Charette: Self + Other Voices

Course No. FND 140B  Credits: 1.5
Faculty Barbara Chira | Christian Wulffen | Clifford Borress | Josť Carlos Teixeira | Petra Soesemann | William Lorton

This one-half semester course is framed by the theme of Self and other Voices. As an exploration of one's self in relation to culture and society, the course facilitates increased self-knowledge and helps students uncover their views of "other." The students and instructor work collaboratively to define and explore "other voices," cultivate connections with those other voices, and develop creative responses. Through sustained exploration of one theme, the Charette gives priority to the development of skills for critical and creative thinking, experiential learning, problem-solving, and collaboration. Through materials exploration, making processes, and critique, the Charette forges links with the visual, tactile, and manual skill sets being taught in other Foundation classes. Each student's effort, progress, and work will contribute to a project developed over 7 weeks, to include both a charette documentation log and a 2D, 3D, and/or 4D form. Offered fall.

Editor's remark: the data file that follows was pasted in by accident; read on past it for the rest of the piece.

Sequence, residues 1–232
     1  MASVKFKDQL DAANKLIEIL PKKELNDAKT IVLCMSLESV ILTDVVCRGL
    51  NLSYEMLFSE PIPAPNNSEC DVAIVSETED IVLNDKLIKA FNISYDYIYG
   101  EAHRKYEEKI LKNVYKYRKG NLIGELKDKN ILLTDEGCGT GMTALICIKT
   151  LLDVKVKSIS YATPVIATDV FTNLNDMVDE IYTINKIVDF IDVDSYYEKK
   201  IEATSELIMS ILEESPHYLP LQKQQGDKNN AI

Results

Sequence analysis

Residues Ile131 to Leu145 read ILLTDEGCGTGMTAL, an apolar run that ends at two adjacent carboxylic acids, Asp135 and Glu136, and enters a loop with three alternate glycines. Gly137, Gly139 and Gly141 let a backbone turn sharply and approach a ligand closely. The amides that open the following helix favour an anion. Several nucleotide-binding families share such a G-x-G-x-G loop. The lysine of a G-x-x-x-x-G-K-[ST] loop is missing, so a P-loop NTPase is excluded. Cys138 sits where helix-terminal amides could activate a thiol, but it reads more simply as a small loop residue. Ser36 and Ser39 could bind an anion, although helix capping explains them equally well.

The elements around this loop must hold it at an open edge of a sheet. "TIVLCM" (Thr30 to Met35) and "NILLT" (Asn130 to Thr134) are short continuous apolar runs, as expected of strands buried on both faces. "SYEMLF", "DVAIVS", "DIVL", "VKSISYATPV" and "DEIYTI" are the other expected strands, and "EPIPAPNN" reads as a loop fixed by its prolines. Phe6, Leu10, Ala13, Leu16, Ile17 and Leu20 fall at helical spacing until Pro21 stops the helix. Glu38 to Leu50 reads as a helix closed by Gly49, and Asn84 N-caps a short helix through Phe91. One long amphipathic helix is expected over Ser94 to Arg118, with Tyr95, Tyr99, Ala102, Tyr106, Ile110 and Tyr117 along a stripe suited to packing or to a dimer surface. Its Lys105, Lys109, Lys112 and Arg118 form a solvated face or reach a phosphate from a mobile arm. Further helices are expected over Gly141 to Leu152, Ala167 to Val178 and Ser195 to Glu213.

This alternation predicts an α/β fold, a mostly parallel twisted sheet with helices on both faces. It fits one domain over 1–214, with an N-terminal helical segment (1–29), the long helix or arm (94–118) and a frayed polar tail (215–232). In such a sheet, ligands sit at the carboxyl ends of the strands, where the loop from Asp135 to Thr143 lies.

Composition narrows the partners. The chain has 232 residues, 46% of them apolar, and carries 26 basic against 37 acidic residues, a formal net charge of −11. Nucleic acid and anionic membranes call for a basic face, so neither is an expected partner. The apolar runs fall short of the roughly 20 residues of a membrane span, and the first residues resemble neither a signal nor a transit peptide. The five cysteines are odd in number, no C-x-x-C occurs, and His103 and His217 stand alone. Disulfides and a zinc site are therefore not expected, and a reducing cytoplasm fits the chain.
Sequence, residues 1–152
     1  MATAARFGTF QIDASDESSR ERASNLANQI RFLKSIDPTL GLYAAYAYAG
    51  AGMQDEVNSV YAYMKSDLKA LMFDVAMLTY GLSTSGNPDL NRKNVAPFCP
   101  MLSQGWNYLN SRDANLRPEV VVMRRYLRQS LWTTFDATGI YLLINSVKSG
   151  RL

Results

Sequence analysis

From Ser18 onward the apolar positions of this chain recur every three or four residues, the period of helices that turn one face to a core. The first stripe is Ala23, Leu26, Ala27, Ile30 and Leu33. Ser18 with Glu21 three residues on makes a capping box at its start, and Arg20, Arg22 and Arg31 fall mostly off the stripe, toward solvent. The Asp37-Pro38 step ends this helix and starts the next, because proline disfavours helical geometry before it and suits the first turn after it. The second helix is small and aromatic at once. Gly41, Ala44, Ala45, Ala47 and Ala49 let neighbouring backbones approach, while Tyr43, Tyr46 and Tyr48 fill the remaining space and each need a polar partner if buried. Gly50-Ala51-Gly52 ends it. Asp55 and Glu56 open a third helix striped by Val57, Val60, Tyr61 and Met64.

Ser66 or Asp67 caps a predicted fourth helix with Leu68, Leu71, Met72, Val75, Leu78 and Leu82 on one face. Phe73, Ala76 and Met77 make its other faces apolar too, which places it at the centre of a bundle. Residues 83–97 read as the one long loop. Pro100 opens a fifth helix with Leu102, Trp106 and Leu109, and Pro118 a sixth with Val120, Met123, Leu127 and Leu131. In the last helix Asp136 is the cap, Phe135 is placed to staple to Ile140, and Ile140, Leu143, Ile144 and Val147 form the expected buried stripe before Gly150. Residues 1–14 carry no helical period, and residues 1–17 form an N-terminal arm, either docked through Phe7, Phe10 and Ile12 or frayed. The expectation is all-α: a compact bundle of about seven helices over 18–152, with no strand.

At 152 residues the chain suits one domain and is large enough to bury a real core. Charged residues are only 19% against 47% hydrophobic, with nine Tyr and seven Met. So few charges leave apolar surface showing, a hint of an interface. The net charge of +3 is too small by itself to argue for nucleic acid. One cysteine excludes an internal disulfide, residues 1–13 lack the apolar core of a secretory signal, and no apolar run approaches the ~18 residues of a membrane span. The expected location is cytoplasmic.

Children's Literature

Course No. LLC 390X  Credits: 3.0
Faculty Donald Modica

Many adults feel they are familiar with the classic children’s books covered in this course, but actually know only sanitized versions, most produced for the movie screen. This class will examine the original texts of several well-known titles as literature and the fascinating and sometimes disturbing stories behind them. Critical reading, thought, research and writing on these texts will be among the key skills covered. Students will read extensively and discuss what they have read in class, create and deliver peer-evaluated presentations, and write a semester research paper related to the topics of the course. They will view several related films during the semester as well.

Chinese Poetry

Course No. LLC 477  Credits: 3.0

The purpose of this course is two-fold: first, to determine, through intensive readings in translation from the work of representative poets, what characterizes Chinese poetic achievement and, second to articulate our own informed response to these poems. Primary emphasis will be placed on the lyric mode as it develops from its origins in the Book of Songs (compiled c. 600BCE) through its golden age in the T'ang and Sung dynasties. Continuing attention will be paid to the tension between public and private commitment expressed by poets who choose between, attempt to resolve, or transcend these commitments. Topics for special consideration include the classical Chinese language as a vehicle for poetic expression and Chinese calligraphy as an exercise in dynamic proportions, the technical requirements of two major lyric forms, nature as a source of both inspiration and poetic metaphor, and the didactic and individualist traditions of Chinese literary criticism. Fulfills Humanities/Cultural Studies distribution requirement. Creative Writing Concentration course.